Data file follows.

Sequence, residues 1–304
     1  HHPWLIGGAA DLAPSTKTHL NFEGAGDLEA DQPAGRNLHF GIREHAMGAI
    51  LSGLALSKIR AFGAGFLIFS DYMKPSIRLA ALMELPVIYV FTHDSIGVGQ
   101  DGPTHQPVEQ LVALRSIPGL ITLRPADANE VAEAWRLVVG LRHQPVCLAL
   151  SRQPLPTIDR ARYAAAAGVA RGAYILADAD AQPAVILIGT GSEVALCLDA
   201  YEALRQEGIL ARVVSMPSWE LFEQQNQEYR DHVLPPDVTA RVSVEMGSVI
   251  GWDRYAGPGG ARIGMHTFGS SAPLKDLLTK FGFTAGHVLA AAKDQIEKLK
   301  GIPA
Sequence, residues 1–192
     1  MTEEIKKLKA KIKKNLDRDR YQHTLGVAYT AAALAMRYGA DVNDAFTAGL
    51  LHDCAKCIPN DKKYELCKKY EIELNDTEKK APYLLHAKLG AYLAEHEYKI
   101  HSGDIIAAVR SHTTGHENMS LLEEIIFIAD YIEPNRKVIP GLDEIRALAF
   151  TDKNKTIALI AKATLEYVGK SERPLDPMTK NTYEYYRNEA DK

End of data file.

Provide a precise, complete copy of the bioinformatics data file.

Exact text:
Sequence, residues 1–304
     1  HHPWLIGGAA DLAPSTKTHL NFEGAGDLEA DQPAGRNLHF GIREHAMGAI
    51  LSGLALSKIR AFGAGFLIFS DYMKPSIRLA ALMELPVIYV FTHDSIGVGQ
   101  DGPTHQPVEQ LVALRSIPGL ITLRPADANE VAEAWRLVVG LRHQPVCLAL
   151  SRQPLPTIDR ARYAAAAGVA RGAYILADAD AQPAVILIGT GSEVALCLDA
   201  YEALRQEGIL ARVVSMPSWE LFEQQNQEYR DHVLPPDVTA RVSVEMGSVI
   251  GWDRYAGPGG ARIGMHTFGS SAPLKDLLTK FGFTAGHVLA AAKDQIEKLK
   301  GIPA
Sequence, residues 1–192
     1  MTEEIKKLKA KIKKNLDRDR YQHTLGVAYT AAALAMRYGA DVNDAFTAGL
    51  LHDCAKCIPN DKKYELCKKY EIELNDTEKK APYLLHAKLG AYLAEHEYKI
   101  HSGDIIAAVR SHTTGHENMS LLEEIIFIAD YIEPNRKVIP GLDEIRALAF
   151  TDKNKTIALI AKATLEYVGK SERPLDPMTK NTYEYYRNEA DK